When Jenny Lawson was little, all she ever wanted was to fit in. That dream was cut short by her fantastically unbalanced father and a morbidly eccentric childhood. It did, alternatively, open up an opportunity for Lawson to find the humor in the odd shame-spiral that is her life, and we are the entire better for it.
In the irreverent Let’s Pretend This Never Happened, Lawson’s long-suffering husband and sweet daughter help her uncover the surprising discovery that the most terribly human moments—the ones we wish to pretend never happened—are the very same moments that make us the people we are today. For every intellectual misfit who thought they were the only ones to think the things that Lawson dares to say out loud, this can be a poignant and hysterical look at the dark, disturbing, yet wonderful moments of our lives.
Includes a new chapter!
Readers Guide Inside
Lancaster: You appear to have a soft spot for dead, stuffed creatures, particularly if they’re clad in bowler hats or acting out a scene–please provide an explanation for.
Lawson: My father is a professional taxidermist, so it’s not like I had a fighting chance. And but even so, I think the real question here is, who wouldn’t be interested in ferrets in cancan dresses? Old anthropomorphic taxidermy is fascinating and I’ve collected an entire menagerie of creatures that make up my personal posse. Cuban pirate alligators, Shakespearean mice, heavily armed squirrels, vampire-slaying ducklings. I’m not sure how you say no to those. My husband can, but I’m reasonably sure there’s something not right about him. Anyone who can turn his nose up at the Last Supper constructed of Victorian kittens has a problem. I suspect it’s because he’s a Republican.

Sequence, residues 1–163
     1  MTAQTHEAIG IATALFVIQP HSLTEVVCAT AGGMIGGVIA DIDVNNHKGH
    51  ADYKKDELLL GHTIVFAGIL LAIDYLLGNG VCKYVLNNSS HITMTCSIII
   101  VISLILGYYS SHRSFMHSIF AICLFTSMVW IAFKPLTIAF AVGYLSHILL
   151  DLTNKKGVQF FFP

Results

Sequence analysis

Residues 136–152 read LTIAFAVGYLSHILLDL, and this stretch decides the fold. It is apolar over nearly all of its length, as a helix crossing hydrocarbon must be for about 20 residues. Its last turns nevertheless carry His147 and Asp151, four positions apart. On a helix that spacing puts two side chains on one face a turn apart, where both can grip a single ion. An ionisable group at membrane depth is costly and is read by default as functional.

Lancaster: Who would you say is more powerful, The Bloggess Army or the KISS Army? Compare and contrast.
Lawson: My gut says the Bloggess Army is a little more intimidating because we don’t dress up like kitties, but I’d probably still pick the KISS Army because Gene Simmons scares the shit out of me. Plus, my fans are less of an army and more of a collection of misfit minions looking to have a good time. In truth, now that I take into accounts it, there’s probably numerous crossover with the KISS Army. We must host a potluck together.
Lancaster: Are you able to imagine some people don’t know what a confidence wig is?
Lawson: Right?! It’s shocking how regularly I walk in with one and I hear people whispering about the poor cancer patient that just walked in. I’m not a cancer patient, people. I just wear a wig to increase confidence. Plus, if I truly mortify myself, I will just run to the bathroom, throw away the wig, and come back in and ask everyone who invited the crazy blonde that just crawled out of the bathroom window. There is no downside.
Lancaster: What’s it going to take for Nathan Fillion to send you a photo of himself holding a ball of twine?
Lawson: I think it’s going to take Nathan Fillion holding a ball of twine. I’ve offered him thousands of dollars and he still rebuffs me. I do not know what the hold up is, but I will only believe that Nathan Fillion is allergic to either twine or to bringing smiles to the faces of odd women who truly aren’t asking for that much, Nathan.